Assa Kauppi, Frozen Fright sculpture series, Galleri Andersson/Sandström
6.4 - 13.5 2017
Assa Kauppi’s breakthrough came in 2011, when she won over viewers and critics with her enduring sculptures. The Race is Over (2011) and In Search of A Winner (2013) addressed contemporary issues, such as competitiveness and the pressure to perform. In this third solo exhibition with Galleri Andersson/Sandström in Stockholm, she once again calls attention on tendencies in today’s society. The series Frozen Fright, consists of eleven different characters with unique individual faiths, but all share a universal feeling of angst and seriousness.
Placed on the floor, the eleven bronze figures range in ethnicity, age, and represent various segments of the world population. The arrangement invokes a similar feeling of an aerial photography and a snap-shot of people laying down, gazing up towards the sky.
Hanging from the ceiling are hand-stitched parachutes made from synthetic silk, the largest of which is nearly one meter in diameter gives the appearance of glass. Like the tentacles of a jellyfish, the parachute’s cords are in a temporarily resting state. A clear message is communicated, a sense of ambivalence increases, is there a potential danger or is help on the way?
The starting point for Frozen Fright begun over two years ago as the alarming rates of uncertainties about the world situation in the news intensified. Kauppi experienced the situation as overwhelming and threatening, she found that people in general are becoming more powerless, desensitized and frightened. As the Dutch proverb goes "Fear is a bad advisor", and perhaps fear is our greatest danger, because frightened people tend to turn their fear into anger and that anger on to others.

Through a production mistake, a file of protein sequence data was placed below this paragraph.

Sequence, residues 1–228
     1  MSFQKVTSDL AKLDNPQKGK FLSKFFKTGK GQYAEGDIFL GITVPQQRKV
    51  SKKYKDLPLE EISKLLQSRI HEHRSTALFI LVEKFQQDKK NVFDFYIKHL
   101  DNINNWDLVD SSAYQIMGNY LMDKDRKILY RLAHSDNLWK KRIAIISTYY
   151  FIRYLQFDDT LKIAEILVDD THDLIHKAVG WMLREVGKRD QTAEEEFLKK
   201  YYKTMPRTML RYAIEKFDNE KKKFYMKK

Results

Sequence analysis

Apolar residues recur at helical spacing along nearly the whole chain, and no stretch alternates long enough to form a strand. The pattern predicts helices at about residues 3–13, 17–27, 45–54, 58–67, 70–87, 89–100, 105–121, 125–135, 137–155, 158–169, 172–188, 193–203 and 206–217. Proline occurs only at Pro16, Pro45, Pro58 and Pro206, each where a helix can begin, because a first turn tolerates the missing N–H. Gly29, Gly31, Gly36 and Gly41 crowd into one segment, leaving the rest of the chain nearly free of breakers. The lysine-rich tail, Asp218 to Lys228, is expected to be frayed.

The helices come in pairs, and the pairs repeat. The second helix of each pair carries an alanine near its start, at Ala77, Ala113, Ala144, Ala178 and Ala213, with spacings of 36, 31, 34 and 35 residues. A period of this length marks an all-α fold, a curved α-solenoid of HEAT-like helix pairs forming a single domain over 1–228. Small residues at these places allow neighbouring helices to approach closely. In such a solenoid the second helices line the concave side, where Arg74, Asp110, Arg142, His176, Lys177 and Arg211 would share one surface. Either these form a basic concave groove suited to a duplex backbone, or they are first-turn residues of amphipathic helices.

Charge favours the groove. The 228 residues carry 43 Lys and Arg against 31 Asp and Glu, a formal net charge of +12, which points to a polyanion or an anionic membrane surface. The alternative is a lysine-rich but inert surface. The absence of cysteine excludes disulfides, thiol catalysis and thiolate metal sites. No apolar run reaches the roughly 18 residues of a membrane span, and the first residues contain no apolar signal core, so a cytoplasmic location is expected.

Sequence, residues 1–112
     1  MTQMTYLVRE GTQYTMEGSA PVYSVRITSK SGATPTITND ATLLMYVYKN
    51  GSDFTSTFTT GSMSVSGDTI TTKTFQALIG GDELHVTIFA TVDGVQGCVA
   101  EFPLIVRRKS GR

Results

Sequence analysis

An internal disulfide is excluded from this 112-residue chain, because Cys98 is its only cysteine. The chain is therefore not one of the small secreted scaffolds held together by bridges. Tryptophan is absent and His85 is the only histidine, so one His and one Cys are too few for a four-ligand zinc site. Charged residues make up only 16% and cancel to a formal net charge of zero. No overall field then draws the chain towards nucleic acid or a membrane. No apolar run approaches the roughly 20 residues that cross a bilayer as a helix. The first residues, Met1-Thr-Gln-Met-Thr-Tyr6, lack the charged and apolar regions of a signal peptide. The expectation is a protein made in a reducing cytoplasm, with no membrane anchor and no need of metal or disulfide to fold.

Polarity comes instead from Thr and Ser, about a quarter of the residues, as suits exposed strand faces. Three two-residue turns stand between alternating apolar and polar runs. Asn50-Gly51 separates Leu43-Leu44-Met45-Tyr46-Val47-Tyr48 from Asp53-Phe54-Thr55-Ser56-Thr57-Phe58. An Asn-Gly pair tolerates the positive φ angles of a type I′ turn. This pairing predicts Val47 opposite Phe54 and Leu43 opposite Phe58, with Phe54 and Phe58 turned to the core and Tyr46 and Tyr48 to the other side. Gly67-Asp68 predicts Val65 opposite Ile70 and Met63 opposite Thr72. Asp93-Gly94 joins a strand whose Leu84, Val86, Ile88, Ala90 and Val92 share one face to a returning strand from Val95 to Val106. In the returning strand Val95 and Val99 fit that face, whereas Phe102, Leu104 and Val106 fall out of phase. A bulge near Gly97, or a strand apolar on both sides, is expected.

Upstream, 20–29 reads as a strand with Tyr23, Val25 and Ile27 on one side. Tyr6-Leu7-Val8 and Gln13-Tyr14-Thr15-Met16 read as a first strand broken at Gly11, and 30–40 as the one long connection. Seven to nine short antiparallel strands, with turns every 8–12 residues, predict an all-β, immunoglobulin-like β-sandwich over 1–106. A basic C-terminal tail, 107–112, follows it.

Assa Kauppi shows us another effect of fear; it paralyzes us and we turn into passive spectators. Remaining at a safe distance, glued to our televisions, we witness the most horrible of events, while most of us decide not to respond or take action. What is it we should fear most; wars, natural disasters or the fact that humanity watches while the unthinkable atrocities take place in plain sight? As a comment to this, Assa Kauppi has given the figures eyes made of rhodium, a rare platina metal. Their glassy gaze meets the viewers, only to be greeted by the reflection of oneself.
Assa Kauppi, born 1977, lives and works in Stockholm. In the spring of 2011, she graduated from the Royal Art Academy in Stockholm and begun exhibiting with Galleri Andersson/Sandström. Since 2011, Kauppi has been exhibiting both nationally and internationally, and has completing several public commissions. She's exhibited in museums in Istanbul, Krakow, Copenhagen, Miami, and Prague. Among the exhibitions in Sweden includes Borås Sculpture Biennial, Halmstads Konsthall, Kristinehamn Art Museum, Eskilstuna Art Museum, Konstens Hus in Luleå, and Bror Hjorth's House in Uppsala.